Yet, instead of finding consensus and providing clear direction on these important constitutional issues, the Court split 3-2-1-3. Relying on inconsistent applications of constitutional principles, the majority of the Court concluded that the duty to consult does not apply to the legislative process. However, the four reasons, which privilege different constitutional principles often without substantive engagement with important doctrinal issues or previous jurisprudence, undermine the legitimacy of the unwritten Constitution; they also hinder the ability of the Court to provide clear direction on the important constitutional issues raised by the case of Mikisew Cree.

This paper analyzes the use and development of constitutional principles in Canadian jurisprudence to argue that Mikisew Cree represents a missed opportunity for doctrinal clarity. First, this paper provides an overview of the origins and development of constitutional principles in the Canadian constitutional order, culminating in the "in symbiosis" framework put forth in the Secession Reference (Section II). Second, it analyzes the dominance of parliamentary sovereignty after the Secession Reference, which has brought into question this "in symbiosis" framework and created an unacknowledged hierarchy among constitutional principles subject to certain nuances (Section III). Third, it contends that the Court's divergent and inconsistent use of constitutional principles in Mikisew Cree enabled the Court to avoid addressing important theoretical questions regarding constitutional principles and the status of Aboriginal and treaty rights in the Canadian constitutional order (Section IV). Ultimately, this paper concludes that the Court missed an important opportunity in Mikisew Cree to strengthen its doctrinal framework on the use of constitutional principles, but also more broadly, to provide clear direction on the Court's role, if any, in effecting reconciliation.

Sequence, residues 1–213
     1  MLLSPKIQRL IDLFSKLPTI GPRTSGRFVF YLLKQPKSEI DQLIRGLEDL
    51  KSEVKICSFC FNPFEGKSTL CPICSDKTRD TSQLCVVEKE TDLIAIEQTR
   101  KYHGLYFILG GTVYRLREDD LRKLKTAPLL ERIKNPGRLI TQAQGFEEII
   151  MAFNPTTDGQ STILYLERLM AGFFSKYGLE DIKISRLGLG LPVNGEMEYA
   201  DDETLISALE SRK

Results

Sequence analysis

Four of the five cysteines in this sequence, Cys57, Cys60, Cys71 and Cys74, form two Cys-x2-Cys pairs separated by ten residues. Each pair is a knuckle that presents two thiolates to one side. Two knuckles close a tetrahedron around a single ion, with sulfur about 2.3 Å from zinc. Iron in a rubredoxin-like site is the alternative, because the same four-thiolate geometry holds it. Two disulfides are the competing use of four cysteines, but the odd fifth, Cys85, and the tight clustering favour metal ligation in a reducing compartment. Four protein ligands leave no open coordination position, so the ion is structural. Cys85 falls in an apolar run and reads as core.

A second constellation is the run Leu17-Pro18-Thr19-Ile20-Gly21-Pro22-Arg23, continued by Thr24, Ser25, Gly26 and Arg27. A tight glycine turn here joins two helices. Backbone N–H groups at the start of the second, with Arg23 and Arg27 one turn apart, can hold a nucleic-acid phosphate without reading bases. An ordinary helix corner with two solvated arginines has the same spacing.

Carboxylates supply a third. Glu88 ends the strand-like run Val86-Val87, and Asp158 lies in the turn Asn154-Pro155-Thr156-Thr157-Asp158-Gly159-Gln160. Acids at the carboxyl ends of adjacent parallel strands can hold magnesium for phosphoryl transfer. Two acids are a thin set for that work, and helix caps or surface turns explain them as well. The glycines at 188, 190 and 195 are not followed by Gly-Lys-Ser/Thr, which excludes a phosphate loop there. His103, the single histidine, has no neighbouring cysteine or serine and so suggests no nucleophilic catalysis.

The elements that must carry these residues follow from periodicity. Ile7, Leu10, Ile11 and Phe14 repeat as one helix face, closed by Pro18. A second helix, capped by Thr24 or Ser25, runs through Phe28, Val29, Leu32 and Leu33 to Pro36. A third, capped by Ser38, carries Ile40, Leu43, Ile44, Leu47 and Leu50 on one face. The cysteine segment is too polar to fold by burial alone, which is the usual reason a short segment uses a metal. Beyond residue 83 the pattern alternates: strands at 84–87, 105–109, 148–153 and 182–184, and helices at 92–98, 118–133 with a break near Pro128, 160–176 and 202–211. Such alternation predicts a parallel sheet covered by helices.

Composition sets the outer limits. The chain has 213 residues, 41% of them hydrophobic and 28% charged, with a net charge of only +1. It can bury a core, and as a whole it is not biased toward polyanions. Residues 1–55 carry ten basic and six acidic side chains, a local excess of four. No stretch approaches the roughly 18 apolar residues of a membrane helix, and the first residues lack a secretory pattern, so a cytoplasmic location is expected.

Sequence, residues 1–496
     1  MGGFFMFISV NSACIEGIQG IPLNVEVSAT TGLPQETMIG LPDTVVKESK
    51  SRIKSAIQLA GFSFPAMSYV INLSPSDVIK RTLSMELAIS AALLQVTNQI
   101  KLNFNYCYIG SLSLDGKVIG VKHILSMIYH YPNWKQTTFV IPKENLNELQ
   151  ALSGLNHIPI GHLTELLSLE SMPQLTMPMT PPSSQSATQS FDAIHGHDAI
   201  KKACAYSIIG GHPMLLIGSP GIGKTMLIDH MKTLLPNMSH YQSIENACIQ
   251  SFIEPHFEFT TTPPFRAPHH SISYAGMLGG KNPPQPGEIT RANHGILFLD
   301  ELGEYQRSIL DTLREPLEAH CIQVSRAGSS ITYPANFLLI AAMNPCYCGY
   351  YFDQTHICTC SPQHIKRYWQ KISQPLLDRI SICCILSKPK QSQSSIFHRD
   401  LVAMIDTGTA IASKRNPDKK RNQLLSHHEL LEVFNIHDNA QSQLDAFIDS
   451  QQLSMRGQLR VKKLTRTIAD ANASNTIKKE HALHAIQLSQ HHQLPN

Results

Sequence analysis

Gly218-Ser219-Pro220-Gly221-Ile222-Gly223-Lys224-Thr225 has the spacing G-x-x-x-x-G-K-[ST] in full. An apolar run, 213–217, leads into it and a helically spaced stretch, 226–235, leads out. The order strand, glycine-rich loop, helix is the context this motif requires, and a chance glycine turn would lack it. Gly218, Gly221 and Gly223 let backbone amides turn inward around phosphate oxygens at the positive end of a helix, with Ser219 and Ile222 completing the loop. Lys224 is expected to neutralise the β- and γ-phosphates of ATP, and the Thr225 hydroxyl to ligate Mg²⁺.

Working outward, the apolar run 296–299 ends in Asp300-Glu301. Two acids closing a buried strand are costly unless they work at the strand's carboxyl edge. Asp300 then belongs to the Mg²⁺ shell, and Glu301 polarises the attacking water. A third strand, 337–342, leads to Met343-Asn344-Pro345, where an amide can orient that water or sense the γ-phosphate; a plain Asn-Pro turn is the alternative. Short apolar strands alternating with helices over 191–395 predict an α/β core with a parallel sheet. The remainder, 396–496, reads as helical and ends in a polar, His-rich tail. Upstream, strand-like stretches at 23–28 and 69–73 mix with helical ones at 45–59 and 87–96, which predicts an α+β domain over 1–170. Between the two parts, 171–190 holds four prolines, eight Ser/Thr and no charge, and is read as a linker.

The Court has a long history of relying on unwritten constitutional principles, with the Secession Reference representing the most comprehensive explanation of constitutional principles to date. While the Court's use of constitutional principles has varied over the course of time, including in the years that followed the Secession Reference, the Court's prominent use of principles in the Secession Reference should not be characterized as a simple anomaly. The Court's jurisprudence leading up to the Secession Reference demonstrates a clear trend of affirming and relying on constitutional principles.

    In order to place the Secession Reference in its proper context, this section provides an overview of the origins and development of constitutional principles. First, it examines the ways in which the unwritten elements of the Constitution were recognized and used prior to the Secession Reference (Section II.A). Second, it discusses the framework provided by the Court in the Secession Reference (Section II.B). Finally, it analyzes the inherent challenges and ambiguities associated with the use of constitutional principles (Section II.C).

    1. The Jurisprudential Foundation for the Secession Reference